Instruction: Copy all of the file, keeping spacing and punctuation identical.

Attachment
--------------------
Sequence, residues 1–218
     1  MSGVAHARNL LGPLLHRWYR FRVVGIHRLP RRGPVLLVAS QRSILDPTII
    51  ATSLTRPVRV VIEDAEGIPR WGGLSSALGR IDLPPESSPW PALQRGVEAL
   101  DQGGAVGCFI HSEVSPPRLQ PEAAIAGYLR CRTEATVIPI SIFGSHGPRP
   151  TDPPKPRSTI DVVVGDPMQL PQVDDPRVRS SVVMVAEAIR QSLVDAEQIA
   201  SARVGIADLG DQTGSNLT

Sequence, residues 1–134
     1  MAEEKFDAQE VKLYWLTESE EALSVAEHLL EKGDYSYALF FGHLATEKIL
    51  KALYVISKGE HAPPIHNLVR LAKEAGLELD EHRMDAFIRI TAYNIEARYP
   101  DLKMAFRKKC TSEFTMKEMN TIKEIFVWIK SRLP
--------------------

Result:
Sequence, residues 1–218
     1  MSGVAHARNL LGPLLHRWYR FRVVGIHRLP RRGPVLLVAS QRSILDPTII
    51  ATSLTRPVRV VIEDAEGIPR WGGLSSALGR IDLPPESSPW PALQRGVEAL
   101  DQGGAVGCFI HSEVSPPRLQ PEAAIAGYLR CRTEATVIPI SIFGSHGPRP
   151  TDPPKPRSTI DVVVGDPMQL PQVDDPRVRS SVVMVAEAIR QSLVDAEQIA
   201  SARVGIADLG DQTGSNLT

Sequence, residues 1–134
     1  MAEEKFDAQE VKLYWLTESE EALSVAEHLL EKGDYSYALF FGHLATEKIL
    51  KALYVISKGE HAPPIHNLVR LAKEAGLELD EHRMDAFIRI TAYNIEARYP
   101  DLKMAFRKKC TSEFTMKEMN TIKEIFVWIK SRLP